Supplementary Figure 3 Characterization of HoxB8-Cre;Ai9 DRG, skeletal muscles, and dorsal skin.

a, Based on caudal bias in the HoxB8-Cre activity, we assessed tdTomato epifluorescence in cervical/upper thoracic (left), lower thoracic (middle), and lumbar (right) DRG. tdTomato expression was sparse in neuronal cell bodies of cervical/upper thoracic (Th1-3) DRG stained with Piezo2 antibody (left). Strong tdTomato expression was detected in a majority of neuronal cell bodies in lower thoracic (middle) and lumbar (right) DRG stained with Piezo2 and Pvalb antibodies. White arrowheads mark tdTomato-cell bodies that express Piezo2 and Pvalb. This indicates that 1.5% (12/806) of total DRG neurons do not express HoxB8-Cre. b, tdTomato epifluorescence with Vglut1 immunostaining in proprioceptor endings in forelimb (left) and hind limb (right) muscles of adult HoxB8-Cre;Ai9 reporter. tdTomato was detected in MS endings and skeletal muscles of hind limbs, while it was absent in forelimb muscles and associated MSs. c, tdTomato epifluorescence with Nefh and DAPI staining in lanceolate endings (left, hair follicle) and with Nefh staining in Merkel cell-neurite complexes (right, touch dome) in adult HoxB8-Cre;Ai9 dorsal skin. Dotted line on left indicates the hair follicle, and the bracket marks lanceolate endings. Dotted circles on right mark Merkel cells, and the dotted line marks the epidermal-dermal junction. HS, hair shaft; TD, touch dome; GH, guard hair. Scale bars: a, 100 μm; b, 50 μm; c, 20 μm.

Supplementary Figure 4 Characterization of Pvalb-Cre;Piezo2cKO mice.

a, b, Piezo2 (green puncta) and Pvalb (red puncta) dual in situ hybridization in lumbar DRG of adult Piezo2fl/+ (WT, a) and Pvalb-Cre;Piezo2cKO mice (b). Left panels show entire DRG. Middle panels are the magnified view of dotted insets in the left panels. Smaller panels on right show the magnified view of the area marked with orange lines. White arrowheads in WT DRG (a) indicate Pvalb+ cell bodies with intact Piezo2. White circles in cKO DRG (b) indicate Pvalb+ cell bodies without Piezo2. White asterisk indicates one Pvalb+ cell body with intact Piezo2. 11.2% of Pvalb+ DRG neurons (10/89) still retained Piezo2 in Pvalb-Cre;Piezo2cKO mice. c, Quantification of MSs found in EDL (extensor digitorum longus) and soleus muscles from P10-11 WT and Pvalb-Cre;Piezo2cKO mice. Bars represent mean ± s.e.m. ns, not statistically significant. Unpaired t-test with Welch’s correction. d, Example images of Vglut1-stained MSs found in P30 WT and Pvalb-Cre;Piezo2cKO mice. e, Central projection of tdTomato+ proprioceptors in lumbar spinal cord of P5 Pvalb-Cre;Ai9 (WT) and Pvalb-Cre;Ai9;Piezo2cKO mice. Scale bars: a, b, e, 100 μm; d, 20 μm.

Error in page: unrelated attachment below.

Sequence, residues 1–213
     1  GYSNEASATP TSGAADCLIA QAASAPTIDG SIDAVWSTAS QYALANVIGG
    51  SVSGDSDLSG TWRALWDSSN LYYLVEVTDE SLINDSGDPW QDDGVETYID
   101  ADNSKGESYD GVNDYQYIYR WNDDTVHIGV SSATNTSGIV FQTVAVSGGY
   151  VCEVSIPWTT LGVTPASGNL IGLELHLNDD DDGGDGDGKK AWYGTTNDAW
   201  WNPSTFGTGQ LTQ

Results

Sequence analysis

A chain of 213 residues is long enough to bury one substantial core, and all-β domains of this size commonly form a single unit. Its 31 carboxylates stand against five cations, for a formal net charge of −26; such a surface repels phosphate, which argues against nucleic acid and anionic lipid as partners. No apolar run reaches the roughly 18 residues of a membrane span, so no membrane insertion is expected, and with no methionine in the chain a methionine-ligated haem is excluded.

Supplementary Figure 5 Characterization of HoxB8-Cre;Piezo2cKO mice.

a, Piezo2 remaining (%) in cervical/upper thoracic (left) and lumbar (right) DRG from adult Piezo2fl/+ (WT) and HoxB8-Cre;Piezo2cKO mice by qRT-PCR. Note that HoxB8-Cre;Piezo2cKO mice refer to HoxB8-Cre;Piezo2fl/– (only one allele of Piezo2 is present prior to Cre recombination). Bars represent mean ± s.e.m. **P < 0.01; ****P < 0.0001. Unpaired t-test with Welch’s correction. b, Piezo2 (green puncta) in situ hybridization in lumbar DRG of adult Piezo2fl/+ (WT, top) and HoxB8-Cre;Piezo2cKO mice (bottom). Left panels show entire DRG outlined by solid lines. Right panels show the magnified view of dotted insets in the left panels. White asterisk (bottom, right) indicates one cell body with intact Piezo2. 1.2% of lumbar DRG neurons (2/165) still retained Piezo2 in HoxB8-Cre;Piezo2cKO mice, and this likely suggests that 1.2% of lumbar DRG neurons do not express HoxB8-Cre. c, Central projection of proprioceptors via Pvalb staining in lumbar spinal cord of P5 Piezo2fl/+ (WT) and HoxB8-Cre;Piezo2cKO mice. Scale bars: b, c, 100 μm.

Supplementary Figure 6 Maximal current responses observed in tdTomato+ neurons from adult Pvalb-Cre;Ai9 (WT) and Pvalb-Cre;Ai9;Piezo2cKO DRG.

Whole-cell voltage-clamp experiments from a holding potential of –60 mV. Mechanical stimulation was applied as described in Figures. 1 and 3. a, Individual data plot of maximal current densities of RA current responses. b, Individual data plot of maximal current densities of IA current responses.

Supplementary Figure 7 Activation of putative group III/IV acid-sensitive sensory neurons by pH 6.0 lactic acid in adult WT and Piezo2 cKO muscles.

Note that both Pvalb-Cre;Piezo2cKO and HoxB8-Cre;Piezo2cKO lines responded similarly. a, A typical WT response to pH 6.0 lactic acid with baseline firing activity. b, Lactic acid response in Piezo2 cKO mouse with no baseline firing activity.

Supplementary information

Rights and permissions

Reprints and permissions

About this article

Check for updates. Verify currency and authenticity via CrossMark

Cite this article

Woo, SH., Lukacs, V., de Nooij, J. et al. Piezo2 is the principal mechanotransduction channel for proprioception. Nat Neurosci 18, 1756–1762 (2015).

Download citation

  • Received:

  • Accepted:

  • Published:

  • Issue Date:

  • DOI:

This article is cited by


Quick links

Nature Briefing

Sign up for the Nature Briefing newsletter — what matters in science, free to your inbox daily.

Get the most important science stories of the day, free in your inbox. Sign up for Nature Briefing